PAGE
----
There is an old children’s story about someone who asks “Who will help me make my bread?” No one helps. No one helps plant the wheat, harvest the wheat, mill the wheat, make the dough, or bake it. But at the end when it is asked who will help eat the bread everyone comes running to “help”!
As a parable it’s classic, and true. In every organization there are those that do the ‘grunt’ work needed to keep the group functioning, even advancing, and those who barely lift a finger. I have been involved with clubs and organizations for over 30 years and have seen it in all of them. Everyone says they are gung-ho but when it comes to actually committing the time and energy (and Heaven-for-bid the money) to doing something, their will fades faster than a winter setting sun.
The “Pareto Principle” – also known as the 80/20 rule or “vital few and trivial many”– was first postulated in 1906 by the Italian management consultant Joseph M. Juran. The name “Pareto” is for the Italian engineer, economist and philosopher Vilfredo Paret.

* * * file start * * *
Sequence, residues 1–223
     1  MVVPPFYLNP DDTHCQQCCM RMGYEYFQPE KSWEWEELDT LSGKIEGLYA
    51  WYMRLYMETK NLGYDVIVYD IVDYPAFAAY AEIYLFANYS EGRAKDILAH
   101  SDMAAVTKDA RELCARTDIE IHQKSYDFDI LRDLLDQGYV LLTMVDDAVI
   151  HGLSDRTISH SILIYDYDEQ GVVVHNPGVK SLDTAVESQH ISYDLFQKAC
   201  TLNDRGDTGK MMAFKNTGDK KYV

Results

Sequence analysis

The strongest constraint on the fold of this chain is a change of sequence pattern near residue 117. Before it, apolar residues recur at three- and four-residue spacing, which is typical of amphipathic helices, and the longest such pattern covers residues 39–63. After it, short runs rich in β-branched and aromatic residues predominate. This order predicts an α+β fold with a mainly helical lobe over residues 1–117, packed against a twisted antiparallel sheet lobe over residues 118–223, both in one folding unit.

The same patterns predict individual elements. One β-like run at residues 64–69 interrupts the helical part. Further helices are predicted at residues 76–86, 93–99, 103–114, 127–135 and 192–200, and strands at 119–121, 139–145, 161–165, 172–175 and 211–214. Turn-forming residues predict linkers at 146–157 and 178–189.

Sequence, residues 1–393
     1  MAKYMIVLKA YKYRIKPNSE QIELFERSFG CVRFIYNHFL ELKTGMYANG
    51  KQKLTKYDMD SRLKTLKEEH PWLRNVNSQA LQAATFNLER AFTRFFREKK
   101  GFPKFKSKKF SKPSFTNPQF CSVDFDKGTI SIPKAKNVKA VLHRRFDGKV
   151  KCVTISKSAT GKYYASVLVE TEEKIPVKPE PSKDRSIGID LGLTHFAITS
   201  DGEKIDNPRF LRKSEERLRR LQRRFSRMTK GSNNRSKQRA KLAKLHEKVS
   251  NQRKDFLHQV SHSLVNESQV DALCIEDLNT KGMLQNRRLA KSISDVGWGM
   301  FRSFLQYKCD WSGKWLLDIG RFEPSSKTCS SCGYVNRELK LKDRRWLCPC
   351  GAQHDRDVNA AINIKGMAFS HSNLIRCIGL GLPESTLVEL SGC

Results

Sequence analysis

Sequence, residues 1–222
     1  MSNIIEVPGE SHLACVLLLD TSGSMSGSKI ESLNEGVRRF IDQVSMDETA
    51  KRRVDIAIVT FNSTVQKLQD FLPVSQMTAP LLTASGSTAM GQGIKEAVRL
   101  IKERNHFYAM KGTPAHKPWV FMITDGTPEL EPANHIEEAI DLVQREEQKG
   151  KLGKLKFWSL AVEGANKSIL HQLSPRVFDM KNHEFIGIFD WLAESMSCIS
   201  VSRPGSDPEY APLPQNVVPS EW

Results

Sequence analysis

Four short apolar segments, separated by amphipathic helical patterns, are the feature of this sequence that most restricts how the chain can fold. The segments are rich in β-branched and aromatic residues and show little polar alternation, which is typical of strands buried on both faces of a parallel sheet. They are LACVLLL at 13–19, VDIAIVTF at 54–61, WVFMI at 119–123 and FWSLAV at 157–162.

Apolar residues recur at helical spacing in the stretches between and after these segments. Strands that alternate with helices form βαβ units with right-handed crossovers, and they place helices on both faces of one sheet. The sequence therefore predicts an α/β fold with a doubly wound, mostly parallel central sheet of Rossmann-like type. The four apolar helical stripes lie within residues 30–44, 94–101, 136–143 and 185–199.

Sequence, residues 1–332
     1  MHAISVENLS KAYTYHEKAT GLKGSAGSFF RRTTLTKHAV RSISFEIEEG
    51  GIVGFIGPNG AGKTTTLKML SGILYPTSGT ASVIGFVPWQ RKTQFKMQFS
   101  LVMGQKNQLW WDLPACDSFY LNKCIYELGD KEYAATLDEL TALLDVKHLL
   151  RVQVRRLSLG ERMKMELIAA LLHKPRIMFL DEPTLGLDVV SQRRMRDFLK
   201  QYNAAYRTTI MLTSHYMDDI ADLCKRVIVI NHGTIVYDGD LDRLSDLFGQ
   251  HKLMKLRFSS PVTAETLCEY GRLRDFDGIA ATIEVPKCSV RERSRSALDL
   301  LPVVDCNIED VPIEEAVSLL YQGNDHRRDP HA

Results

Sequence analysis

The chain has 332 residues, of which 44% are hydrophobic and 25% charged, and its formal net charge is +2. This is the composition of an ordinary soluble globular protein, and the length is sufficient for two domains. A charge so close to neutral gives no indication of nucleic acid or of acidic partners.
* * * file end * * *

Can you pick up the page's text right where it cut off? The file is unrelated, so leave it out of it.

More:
In terms of group efforts and accomplishments, the 80/20 rule says that 80% of the work is done by only 20% of the people in a group. (I have also seen it called the 90/10 rule for the same reasons.) In more direct terms of a survival group this translates to the reality that a true democratic process and division of labor is most likely not going to work, either in the prepping of the group or in the aftermath of an SHTF event. In both cases it is more likely that someone or a small cadre of people will be the lead driving force behind the group. But more than merely set the vision and direction for the group they will do the bulk of the leg work in the group.